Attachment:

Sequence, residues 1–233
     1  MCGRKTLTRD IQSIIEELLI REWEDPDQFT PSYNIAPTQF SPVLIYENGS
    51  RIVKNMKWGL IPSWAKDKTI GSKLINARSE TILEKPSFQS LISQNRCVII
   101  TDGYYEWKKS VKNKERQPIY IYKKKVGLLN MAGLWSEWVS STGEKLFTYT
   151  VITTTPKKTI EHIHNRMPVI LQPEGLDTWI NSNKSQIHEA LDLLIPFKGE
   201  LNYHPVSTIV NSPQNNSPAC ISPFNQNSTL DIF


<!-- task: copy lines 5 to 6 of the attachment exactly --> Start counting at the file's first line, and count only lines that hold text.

   151  VITTTPKKTI EHIHNRMPVI LQPEGLDTWI NSNKSQIHEA LDLLIPFKGE
   201  LNYHPVSTIV NSPQNNSPAC ISPFNQNSTL DIF